P r e s e n t e r s
Dorothy Grant is an internationally renowned fashion designer and artist who was the first Aboriginal designer to combine traditional Haida designs and ceremonial wear with contemporary fashion. The driving force behind her clothing designs is “empowerment, pride and feeling good about oneself,” and using fashion to share Northwest culture with a broader audience. Her ability to maintain a successful business while remaining true to her artistic vision is one of her most impressive achievements. Her Feastwear and Gold Label designs in cashmere, silk, wool, and leather include a range of clothing for men and women ranging from gowns and tuxedos to skirts and collared shirts. In conjunction with the 2010 Winter Olympics in Vancouver, she launched her Red Raven line of “everyday wear” items. Ms. Grant is the recipient of numerous fashion design and business awards as well as a National Aboriginal Achievement Award. In addition to clothing North American dignitaries and celebrities, her garments are part of the permanent collection of several museums and galleries, including the Canadian Museum of Civilization, the National Gallery of Canada, and the Museum of Anthropology in Vancouver.
Daniel Heath Justice
Daniel Heath Justice is a talented writer and academic. An Associate Professor of English at the University of British Columbia, he serves as Chair of the university’s First Nations Studies Program. Originally from Colorado, he lives in the traditional territory of the Musqueam people on the campus of the university. His work includes Our Fire Survives the Storm: A Cherokee Literary History, the Indigenous epic fantasy The Way of Thorn and Thunder: The Kynship Chronicles, and the co-edited anthologies Sovereign Erotics: A Collection of Two-Spirit Literature and, with James H. Cox, the Oxford Handbook of Indigenous American Literature. Current projects include a cultural history of badgers, a short volume on why Indigenous literature matters, and a new dark fantasy series.
An accomplished and celebrated actress, Tantoo Cardinal is known for her steadfast authenticity in bringing to life complex and diverse Aboriginal characters and working to dispel stereotypes. Her performances on stage and in both film and television have helped blaze a trail in an industry where few roles for Aboriginal women previously existed. Her 80+ credits include North of 60, Moccasin Flats, Shattered, Legends of the Fall, Dances With Wolves, Black Robe, Loyalties, The Education of Little Tree, Where the Rivers Flow North, Smoke Signals and Mothers & Daughters. In Ottawa she most recently appeared in the National Arts Centre production of an Aboriginal King Lear. Acting and public speaking are but a few of the ways she contributes to society, dedicating her life to ensuring Aboriginal people, their cultures and the historic and current issues impacting their communities are fairly represented throughout the arts. A founding member of the Saskatchewan Native Theatre Company, she serves as an inspirational role model to aspiring youth. Her performances in projects like the Vagina Monologues seek to raise awareness of the shocking level of violence against Aboriginal women in Canada and to support women who are struggling with the issue of violence. In 2010 Ms. Cardinal was inducted as a Member of the Order of Canada for her outstanding contributions to the arts. Other honours include the Harvard University Sun Hill Award for excellence in Aboriginal film making, and four honorary doctorates.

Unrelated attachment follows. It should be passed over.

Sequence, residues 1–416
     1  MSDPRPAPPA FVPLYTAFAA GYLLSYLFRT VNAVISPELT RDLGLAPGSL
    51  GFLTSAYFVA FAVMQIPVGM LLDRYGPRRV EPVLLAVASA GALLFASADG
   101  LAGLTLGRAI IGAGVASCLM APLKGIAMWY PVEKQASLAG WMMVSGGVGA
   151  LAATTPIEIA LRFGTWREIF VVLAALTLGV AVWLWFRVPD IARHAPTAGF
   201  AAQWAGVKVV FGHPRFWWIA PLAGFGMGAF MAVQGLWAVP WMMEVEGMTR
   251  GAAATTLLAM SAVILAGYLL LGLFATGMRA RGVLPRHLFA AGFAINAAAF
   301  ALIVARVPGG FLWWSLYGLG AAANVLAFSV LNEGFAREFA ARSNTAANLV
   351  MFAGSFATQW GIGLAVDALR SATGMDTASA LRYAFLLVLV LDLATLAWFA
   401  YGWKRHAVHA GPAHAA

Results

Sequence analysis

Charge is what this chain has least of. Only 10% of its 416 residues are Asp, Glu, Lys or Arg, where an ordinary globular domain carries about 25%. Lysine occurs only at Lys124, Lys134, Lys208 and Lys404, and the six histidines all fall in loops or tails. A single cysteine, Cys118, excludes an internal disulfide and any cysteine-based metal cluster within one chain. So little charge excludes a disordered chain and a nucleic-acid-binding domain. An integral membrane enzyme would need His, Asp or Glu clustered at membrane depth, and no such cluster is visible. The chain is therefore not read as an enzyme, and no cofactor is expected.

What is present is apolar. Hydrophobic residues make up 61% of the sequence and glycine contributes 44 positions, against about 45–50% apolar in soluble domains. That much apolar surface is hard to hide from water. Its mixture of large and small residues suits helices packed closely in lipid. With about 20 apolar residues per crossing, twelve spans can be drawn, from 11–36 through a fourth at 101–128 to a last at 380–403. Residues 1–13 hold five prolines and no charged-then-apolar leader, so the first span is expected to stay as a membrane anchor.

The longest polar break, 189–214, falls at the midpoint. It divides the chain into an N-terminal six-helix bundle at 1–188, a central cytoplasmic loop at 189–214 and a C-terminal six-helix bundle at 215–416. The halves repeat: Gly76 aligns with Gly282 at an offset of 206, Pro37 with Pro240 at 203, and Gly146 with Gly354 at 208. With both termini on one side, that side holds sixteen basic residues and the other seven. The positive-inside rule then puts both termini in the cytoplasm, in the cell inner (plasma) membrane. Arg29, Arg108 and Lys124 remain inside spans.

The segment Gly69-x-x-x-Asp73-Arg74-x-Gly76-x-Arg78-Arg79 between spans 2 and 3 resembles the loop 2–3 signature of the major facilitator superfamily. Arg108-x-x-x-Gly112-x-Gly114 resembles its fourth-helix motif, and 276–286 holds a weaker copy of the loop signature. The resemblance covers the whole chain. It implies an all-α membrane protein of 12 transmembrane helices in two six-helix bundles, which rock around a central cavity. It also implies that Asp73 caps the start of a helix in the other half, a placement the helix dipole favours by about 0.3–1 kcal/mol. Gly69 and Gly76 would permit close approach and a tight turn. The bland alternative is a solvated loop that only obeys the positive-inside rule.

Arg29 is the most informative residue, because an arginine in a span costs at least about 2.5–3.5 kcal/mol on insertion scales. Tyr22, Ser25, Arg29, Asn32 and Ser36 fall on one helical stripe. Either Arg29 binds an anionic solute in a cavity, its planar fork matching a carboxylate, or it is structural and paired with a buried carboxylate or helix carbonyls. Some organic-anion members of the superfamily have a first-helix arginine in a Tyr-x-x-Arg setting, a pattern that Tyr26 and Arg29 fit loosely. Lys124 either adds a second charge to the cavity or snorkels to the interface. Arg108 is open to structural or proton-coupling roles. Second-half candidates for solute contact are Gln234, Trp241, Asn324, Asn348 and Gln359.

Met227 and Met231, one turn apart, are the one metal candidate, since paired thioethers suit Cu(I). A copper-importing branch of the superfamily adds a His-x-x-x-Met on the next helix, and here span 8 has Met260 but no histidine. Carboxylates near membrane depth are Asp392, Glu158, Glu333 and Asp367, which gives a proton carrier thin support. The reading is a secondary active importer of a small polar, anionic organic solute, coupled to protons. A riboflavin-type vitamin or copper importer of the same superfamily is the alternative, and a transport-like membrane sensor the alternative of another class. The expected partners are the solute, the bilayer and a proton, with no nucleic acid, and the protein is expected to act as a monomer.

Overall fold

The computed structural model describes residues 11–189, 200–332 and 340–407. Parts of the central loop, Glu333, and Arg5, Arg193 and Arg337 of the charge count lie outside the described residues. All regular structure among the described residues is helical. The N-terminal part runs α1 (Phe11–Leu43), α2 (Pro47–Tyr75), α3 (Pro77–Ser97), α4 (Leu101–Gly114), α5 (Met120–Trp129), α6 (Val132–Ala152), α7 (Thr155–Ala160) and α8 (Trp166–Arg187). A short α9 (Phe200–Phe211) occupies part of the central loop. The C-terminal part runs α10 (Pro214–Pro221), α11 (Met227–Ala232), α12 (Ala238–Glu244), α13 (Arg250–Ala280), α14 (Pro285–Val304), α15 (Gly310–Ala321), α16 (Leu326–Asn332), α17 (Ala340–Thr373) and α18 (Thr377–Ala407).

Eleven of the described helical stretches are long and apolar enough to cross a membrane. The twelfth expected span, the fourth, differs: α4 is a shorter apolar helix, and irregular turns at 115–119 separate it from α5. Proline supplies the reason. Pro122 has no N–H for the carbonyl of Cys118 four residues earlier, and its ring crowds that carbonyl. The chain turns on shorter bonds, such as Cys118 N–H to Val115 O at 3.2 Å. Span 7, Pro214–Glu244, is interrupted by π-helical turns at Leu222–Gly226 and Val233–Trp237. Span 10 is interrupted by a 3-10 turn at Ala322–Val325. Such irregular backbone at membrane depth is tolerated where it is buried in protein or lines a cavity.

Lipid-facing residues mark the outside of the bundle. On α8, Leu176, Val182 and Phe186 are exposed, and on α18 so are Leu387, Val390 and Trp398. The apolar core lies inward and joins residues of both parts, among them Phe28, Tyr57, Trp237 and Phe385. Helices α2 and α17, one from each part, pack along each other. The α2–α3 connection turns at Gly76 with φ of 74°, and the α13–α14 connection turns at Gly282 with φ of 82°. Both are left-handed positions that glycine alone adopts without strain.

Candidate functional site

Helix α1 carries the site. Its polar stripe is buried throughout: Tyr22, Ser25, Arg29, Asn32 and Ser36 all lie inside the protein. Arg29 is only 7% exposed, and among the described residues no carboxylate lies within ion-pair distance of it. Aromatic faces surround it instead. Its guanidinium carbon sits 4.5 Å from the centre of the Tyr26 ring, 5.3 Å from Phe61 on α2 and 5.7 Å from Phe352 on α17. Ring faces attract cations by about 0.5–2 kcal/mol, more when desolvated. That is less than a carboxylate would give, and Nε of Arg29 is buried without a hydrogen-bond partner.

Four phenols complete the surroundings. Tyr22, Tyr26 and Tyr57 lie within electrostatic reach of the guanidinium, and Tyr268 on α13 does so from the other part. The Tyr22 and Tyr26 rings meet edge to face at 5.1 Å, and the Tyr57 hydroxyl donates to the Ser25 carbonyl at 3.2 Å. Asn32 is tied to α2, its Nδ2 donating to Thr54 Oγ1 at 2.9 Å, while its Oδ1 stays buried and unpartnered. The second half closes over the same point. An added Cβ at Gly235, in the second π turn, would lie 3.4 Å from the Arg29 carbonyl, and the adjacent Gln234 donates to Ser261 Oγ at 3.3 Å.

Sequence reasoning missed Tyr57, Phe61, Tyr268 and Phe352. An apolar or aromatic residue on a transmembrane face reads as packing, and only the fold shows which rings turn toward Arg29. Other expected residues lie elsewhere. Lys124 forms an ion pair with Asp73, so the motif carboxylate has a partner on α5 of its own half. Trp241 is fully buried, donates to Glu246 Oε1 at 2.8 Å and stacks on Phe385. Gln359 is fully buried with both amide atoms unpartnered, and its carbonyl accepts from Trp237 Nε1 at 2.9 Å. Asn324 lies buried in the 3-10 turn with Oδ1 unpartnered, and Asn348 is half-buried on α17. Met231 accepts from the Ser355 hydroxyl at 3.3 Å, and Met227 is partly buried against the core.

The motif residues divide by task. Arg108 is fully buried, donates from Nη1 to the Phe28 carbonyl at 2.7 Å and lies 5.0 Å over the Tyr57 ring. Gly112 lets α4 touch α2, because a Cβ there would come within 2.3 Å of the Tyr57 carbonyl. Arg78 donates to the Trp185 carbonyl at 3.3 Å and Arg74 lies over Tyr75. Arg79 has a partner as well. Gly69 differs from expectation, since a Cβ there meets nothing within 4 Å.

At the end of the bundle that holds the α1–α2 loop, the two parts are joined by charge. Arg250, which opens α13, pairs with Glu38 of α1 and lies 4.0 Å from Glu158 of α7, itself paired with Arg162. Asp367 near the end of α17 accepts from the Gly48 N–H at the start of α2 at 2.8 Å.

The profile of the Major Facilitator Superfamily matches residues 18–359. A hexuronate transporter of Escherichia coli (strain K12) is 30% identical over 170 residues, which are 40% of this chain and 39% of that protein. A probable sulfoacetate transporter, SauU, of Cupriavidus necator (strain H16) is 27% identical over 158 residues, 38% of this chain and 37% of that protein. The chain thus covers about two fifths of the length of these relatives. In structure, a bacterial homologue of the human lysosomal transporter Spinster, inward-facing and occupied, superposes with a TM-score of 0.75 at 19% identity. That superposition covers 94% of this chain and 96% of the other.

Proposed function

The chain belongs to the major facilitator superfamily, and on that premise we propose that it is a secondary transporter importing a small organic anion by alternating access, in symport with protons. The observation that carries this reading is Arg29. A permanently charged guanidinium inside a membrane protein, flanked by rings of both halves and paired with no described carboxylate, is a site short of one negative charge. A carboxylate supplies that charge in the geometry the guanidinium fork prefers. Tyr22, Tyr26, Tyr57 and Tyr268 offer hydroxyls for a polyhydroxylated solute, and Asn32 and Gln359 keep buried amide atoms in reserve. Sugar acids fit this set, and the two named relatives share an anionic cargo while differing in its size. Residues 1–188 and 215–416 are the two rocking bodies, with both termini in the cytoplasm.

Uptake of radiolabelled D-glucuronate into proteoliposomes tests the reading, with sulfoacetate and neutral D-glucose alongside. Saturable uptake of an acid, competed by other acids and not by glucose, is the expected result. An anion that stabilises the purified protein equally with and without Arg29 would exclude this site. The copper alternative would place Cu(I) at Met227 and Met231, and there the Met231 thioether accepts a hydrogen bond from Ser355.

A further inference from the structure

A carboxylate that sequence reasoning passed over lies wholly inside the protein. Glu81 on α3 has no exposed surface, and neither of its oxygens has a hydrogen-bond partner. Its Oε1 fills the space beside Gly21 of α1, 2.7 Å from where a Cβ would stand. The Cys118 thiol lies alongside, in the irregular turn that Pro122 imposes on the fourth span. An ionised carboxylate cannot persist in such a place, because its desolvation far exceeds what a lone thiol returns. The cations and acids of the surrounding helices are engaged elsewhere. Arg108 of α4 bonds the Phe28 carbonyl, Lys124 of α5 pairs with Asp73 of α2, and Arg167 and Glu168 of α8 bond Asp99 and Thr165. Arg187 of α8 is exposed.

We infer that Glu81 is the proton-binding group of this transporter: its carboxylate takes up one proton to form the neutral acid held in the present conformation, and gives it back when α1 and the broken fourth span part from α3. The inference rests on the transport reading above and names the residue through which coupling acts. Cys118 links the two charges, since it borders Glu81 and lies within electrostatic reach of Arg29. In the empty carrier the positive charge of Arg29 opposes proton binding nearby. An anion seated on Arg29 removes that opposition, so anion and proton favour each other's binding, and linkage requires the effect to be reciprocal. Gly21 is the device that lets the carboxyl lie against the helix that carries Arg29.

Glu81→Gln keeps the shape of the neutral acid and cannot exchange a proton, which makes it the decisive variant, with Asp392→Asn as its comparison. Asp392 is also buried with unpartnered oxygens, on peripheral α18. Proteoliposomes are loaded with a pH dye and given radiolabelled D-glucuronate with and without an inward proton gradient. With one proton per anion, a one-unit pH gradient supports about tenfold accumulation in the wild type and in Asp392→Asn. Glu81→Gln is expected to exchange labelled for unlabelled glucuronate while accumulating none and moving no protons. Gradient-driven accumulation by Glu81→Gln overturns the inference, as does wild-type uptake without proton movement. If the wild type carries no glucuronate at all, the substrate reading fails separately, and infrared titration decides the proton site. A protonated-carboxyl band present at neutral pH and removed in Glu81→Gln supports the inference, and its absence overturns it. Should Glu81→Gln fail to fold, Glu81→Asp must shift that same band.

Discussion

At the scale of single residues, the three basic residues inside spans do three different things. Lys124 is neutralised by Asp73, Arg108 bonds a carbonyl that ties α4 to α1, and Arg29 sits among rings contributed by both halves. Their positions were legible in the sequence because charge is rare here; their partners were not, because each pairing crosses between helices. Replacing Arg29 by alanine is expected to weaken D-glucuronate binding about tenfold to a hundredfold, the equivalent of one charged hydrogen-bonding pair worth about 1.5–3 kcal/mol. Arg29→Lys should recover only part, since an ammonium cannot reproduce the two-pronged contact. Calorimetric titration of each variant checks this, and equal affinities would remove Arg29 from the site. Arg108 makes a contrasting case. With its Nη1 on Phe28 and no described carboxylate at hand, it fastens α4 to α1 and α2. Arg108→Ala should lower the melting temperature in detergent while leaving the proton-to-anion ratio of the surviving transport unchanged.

Gerald McMaster is a visual artist, curator, educator, and senior arts administrator. He is also a Carleton graduate and holds a PhD from the University of Amsterdam. From 1981 to 2000 he served as Curator of Contemporary Indian Art at the Canadian Museum of Civilization. From there he was recruited by the National Museum of the American Indian in Washington, DC and worked on major projects there for six years before returning to become Curator of Canadian Art at the Art Gallery of Ontario in Toronto. He has numerous publications and has represented Canada on major international boards, initiatives, and art juries. As an artist, his work can be found in major national and international collections. Among other honours, he is a recipient of a National Aboriginal Achievement Award and is an Officer of the Order of Canada. He currently divides his time between Ottawa and Philadelphia.
Lucie Idlout is a singer/songwriter from Nunavut. A blues/rocker with a gravelly voice, she has performed across Canada and throughout Europe, as well as hosted the program Buffalo Tracks for APTN. She released her first album, E5-770, My Mother’s Name, in 2004. The title refers to the Canadian government practice of identifying Inuit by disc numbers instead of their names, a government program that ran from 1941 to 1978. Although she had already garnered national and international attention, it was when she opened for The White Stripes at their concert in Iqaluit in 2007 that the media began to truly take notice. Her second album, Swagger, was released in 2009. The album includes “Lovely Irene,” which was later reworked with a children’s choir and renamed “Angel Street,” a song that powerfully calls attention to the issue of domestic violence. Lucie divides her time between Nunavut and Montreal.
A presentation of the New Sun Chair in Aboriginal Art and Culture,
with the support of the Dean of Arts and Social Sciences and the New Sun Fund
administered by the Community Foundation of Ottawa, plus the generosity of private donors